Mary G. Harris Jones, commonly known as Mother Jones, was an American dresser and teacher born in Ireland in 1837. She had participated in many strikes and was one of the founders of the Industrial Workers of the World. Harris was also an activist who took part in community projects in various communities. She was famously known as one of the most dangerous and influential people in America due to how she influenced mine workers' strikes in the country.
Five facts about Mary G. Harris Jones
She was baptized on August 1, 1837, presumably right after when she was born.
Her family was among the most affected during the Great Famine, which occurred in Ireland during the 1800s, hence their migration.
She went to the United States of America when she was ten years old when the famine was at its peak in Ireland.
She studied at Toronto Normal School and did not graduate from the school, despite it being tuition-free.
In 1867, her husband and four children died of yellow fever, and she decided that she would become a union organizer throughout America.
Inspirational quotes from Mary G. Harris Jones
"The first thing is to raise hell. That's always the first thing to do when facing injustice, and they usually feel powerless. That's what I usually do in my fight for the working class in the society".
"I am never afraid of the sword, scaffold, or the pen."
"I pray and hope that I will live long enough to be the great grandmother of all agitators in the world."
"All women in the world need to realize that they have every attribute to become and do whatever they want to accomplish their dreams. However, the problem is that they allow the capitalist to make them believe that they wouldn't be ladylike in society".
"I once asked a man in prison what he had done to be arrested and said that he had stolen a pair of shoes. I told him that he would have become a senator in the United States if he had stolen the railway line. Say no to oppression from capitalists."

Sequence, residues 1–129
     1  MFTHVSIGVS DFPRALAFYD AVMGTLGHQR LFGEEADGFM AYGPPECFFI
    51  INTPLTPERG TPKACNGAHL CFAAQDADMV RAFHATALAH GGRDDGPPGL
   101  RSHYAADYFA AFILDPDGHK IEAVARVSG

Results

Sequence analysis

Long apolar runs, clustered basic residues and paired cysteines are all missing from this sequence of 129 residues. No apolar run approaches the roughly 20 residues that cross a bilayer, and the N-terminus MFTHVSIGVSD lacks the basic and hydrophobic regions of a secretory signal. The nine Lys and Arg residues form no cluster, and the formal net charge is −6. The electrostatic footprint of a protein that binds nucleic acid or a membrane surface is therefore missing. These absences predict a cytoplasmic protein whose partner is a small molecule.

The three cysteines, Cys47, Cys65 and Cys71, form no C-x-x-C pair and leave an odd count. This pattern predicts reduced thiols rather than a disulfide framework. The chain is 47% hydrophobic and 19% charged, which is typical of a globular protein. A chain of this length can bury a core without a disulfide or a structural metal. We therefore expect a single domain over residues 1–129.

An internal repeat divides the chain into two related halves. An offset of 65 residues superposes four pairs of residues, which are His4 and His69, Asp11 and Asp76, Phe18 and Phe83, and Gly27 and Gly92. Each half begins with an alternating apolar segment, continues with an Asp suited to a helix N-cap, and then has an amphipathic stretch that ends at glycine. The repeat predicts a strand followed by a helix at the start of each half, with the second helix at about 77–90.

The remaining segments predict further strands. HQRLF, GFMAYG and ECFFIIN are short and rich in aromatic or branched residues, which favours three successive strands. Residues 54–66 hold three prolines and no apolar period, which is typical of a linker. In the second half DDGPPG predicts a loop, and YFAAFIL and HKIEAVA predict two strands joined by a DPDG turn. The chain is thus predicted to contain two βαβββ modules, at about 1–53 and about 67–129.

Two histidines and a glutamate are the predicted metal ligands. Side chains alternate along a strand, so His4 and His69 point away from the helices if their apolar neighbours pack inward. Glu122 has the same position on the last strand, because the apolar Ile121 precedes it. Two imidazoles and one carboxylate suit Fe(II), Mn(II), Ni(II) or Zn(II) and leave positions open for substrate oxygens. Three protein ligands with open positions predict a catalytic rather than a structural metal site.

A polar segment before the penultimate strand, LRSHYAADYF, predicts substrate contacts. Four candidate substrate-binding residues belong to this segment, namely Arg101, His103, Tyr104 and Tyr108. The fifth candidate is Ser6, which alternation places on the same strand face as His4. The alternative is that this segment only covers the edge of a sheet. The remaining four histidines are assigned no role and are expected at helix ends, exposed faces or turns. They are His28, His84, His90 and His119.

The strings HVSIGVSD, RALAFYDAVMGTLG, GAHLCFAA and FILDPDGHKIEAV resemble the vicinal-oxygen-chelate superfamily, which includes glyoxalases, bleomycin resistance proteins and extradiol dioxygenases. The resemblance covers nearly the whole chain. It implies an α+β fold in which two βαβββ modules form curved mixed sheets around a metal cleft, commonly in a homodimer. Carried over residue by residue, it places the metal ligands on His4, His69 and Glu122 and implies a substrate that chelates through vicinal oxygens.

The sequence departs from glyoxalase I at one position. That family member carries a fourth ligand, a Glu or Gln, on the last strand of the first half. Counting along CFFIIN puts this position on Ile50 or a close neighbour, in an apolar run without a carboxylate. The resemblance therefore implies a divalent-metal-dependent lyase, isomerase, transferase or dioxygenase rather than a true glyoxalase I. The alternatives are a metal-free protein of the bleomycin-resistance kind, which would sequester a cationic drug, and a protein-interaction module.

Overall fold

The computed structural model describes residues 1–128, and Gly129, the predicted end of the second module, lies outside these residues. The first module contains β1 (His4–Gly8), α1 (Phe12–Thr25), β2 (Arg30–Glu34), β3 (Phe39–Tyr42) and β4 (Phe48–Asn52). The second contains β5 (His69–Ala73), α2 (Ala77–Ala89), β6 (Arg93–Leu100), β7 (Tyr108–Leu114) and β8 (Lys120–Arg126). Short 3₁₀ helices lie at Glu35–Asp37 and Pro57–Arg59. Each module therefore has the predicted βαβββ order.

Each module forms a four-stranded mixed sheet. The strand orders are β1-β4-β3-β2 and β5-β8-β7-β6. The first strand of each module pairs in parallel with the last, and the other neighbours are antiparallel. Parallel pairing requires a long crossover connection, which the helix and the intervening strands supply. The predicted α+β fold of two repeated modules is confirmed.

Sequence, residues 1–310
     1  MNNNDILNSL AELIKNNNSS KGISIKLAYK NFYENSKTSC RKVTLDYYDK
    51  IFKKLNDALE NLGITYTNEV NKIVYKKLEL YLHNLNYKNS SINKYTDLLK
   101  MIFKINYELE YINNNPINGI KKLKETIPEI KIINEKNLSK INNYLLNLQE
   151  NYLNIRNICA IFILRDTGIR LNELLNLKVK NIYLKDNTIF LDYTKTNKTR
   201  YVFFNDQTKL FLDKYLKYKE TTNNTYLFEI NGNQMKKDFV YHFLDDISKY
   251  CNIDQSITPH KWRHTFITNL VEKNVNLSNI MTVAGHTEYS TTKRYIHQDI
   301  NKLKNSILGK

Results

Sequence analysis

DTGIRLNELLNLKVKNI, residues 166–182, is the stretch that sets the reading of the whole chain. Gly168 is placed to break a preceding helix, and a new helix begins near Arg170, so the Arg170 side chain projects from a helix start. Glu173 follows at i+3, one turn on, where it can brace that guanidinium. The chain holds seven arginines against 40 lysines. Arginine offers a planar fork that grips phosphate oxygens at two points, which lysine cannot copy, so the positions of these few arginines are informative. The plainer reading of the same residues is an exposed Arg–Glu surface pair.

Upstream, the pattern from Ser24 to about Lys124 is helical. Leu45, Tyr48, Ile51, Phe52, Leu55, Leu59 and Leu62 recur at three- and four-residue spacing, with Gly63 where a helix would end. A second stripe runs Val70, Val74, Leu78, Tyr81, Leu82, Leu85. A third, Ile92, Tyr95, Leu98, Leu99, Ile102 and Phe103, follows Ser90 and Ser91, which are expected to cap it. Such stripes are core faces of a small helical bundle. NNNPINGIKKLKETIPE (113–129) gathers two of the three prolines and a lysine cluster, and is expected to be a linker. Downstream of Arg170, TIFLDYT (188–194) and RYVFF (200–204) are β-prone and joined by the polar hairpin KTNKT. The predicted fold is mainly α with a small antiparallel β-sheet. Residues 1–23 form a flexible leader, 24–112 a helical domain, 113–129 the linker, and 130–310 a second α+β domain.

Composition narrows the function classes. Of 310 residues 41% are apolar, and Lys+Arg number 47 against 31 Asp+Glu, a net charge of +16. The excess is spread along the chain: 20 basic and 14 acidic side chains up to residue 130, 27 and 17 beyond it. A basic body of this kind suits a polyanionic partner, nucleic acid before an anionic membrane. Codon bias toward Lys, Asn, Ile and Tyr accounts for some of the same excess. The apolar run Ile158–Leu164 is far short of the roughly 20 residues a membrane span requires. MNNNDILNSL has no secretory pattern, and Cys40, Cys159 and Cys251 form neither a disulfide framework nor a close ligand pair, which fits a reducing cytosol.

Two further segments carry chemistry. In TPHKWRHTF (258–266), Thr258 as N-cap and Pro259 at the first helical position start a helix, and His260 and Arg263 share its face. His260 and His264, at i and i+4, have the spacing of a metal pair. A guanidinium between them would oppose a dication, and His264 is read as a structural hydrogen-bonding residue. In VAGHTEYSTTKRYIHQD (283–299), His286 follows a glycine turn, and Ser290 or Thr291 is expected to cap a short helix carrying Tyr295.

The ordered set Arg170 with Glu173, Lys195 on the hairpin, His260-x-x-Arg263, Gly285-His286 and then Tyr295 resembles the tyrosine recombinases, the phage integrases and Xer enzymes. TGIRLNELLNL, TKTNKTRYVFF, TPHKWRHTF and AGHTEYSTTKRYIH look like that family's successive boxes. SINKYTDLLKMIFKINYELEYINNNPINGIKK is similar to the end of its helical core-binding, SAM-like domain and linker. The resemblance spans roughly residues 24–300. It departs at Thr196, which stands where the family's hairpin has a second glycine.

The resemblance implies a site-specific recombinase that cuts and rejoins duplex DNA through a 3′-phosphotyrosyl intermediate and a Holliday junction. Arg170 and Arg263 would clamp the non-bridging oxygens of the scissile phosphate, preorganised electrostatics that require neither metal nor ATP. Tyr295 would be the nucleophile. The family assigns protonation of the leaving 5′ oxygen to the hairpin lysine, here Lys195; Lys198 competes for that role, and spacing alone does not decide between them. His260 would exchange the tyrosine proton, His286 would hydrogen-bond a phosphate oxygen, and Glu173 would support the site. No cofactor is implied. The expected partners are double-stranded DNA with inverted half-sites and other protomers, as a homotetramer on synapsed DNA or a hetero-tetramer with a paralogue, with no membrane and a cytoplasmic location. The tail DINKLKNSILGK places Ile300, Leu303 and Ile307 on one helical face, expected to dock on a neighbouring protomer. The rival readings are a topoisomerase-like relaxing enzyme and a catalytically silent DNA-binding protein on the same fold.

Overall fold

"I have never voted in this country, but I have raised hell all over. You never require a vote to raise hell in whatever is displeasing you. You only need convictions and a voice.”
Keep Active Young Minds Engaged
Sign up for FREE Printable Activities delivered straight to your inbox.
Mary G. Harris Jones Biography
Harris was born in Cork, Ireland, to Richard and Helen Harris in 1837. Her parents were devout Roman Catholics who worked as farmers for their main source of income. When they migrated to North America, they were criticized and discriminated against due to their religious beliefs, especially in Canada. She was ten years old when they escaped the great famine in Ireland.
Husband and Children
She was married and had four children, three girls and a boy. However, they all died due to yellow fever in 1867 in Memphis.
The death of her husband and kids, concurrently followed by the destruction of her dressmaking business in 1871 due to the Chicago Fires, marked the turning point in her life.
Mission and Work
She joined the Knights of Labor, an organization for workers, and started organizing strikes. The strikes initially failed due to the police shooting and killing protestors, but the final blow came when a bomb was thrown at them during a Chicago demonstration.
She then decided to join the United Mines Workers, and she encouraged all those involved in the strike not to relent when police erected barriers on roads. The union demonstrated that the men working in mines deserved a wage that would allow their wives to stay at home and not work. As an organizer, she led the wives and children of the poor people to demand better pays. Hence, she has declared the most dangerous woman in America due to her persuading men to deserve more than what they received. In 1901, she also took part in a strike to give adult women huge wages for them to pay school fees for their children.
Due to her efforts in championing fairness in society, a plaque was erected in Cork on March 8 2010, which also coincided with International Women's Day. In 1984, she was inducted into the women's hall of fame for championing better working conditions for workers during her time.
She was also inducted into the National Miners Hall of Fame due to her contribution in defending the mining workers in 2019. Her legacy is also portrayed in different films such as The American Songbird, where the line "She will be coming round the mountain" references her efforts in unionizing all miners in the coal mining deposits around the world.
Become a Lottie Super Fan!- Be the first to hear about new Lottie Dolls- Help to inspire the latest Lottie Dolls and Accessories- Suggest new ideas & activities you’d love to see- Take part in exclusive launch team competitions
*Unsubscribe at any time! We will never share or sell your data.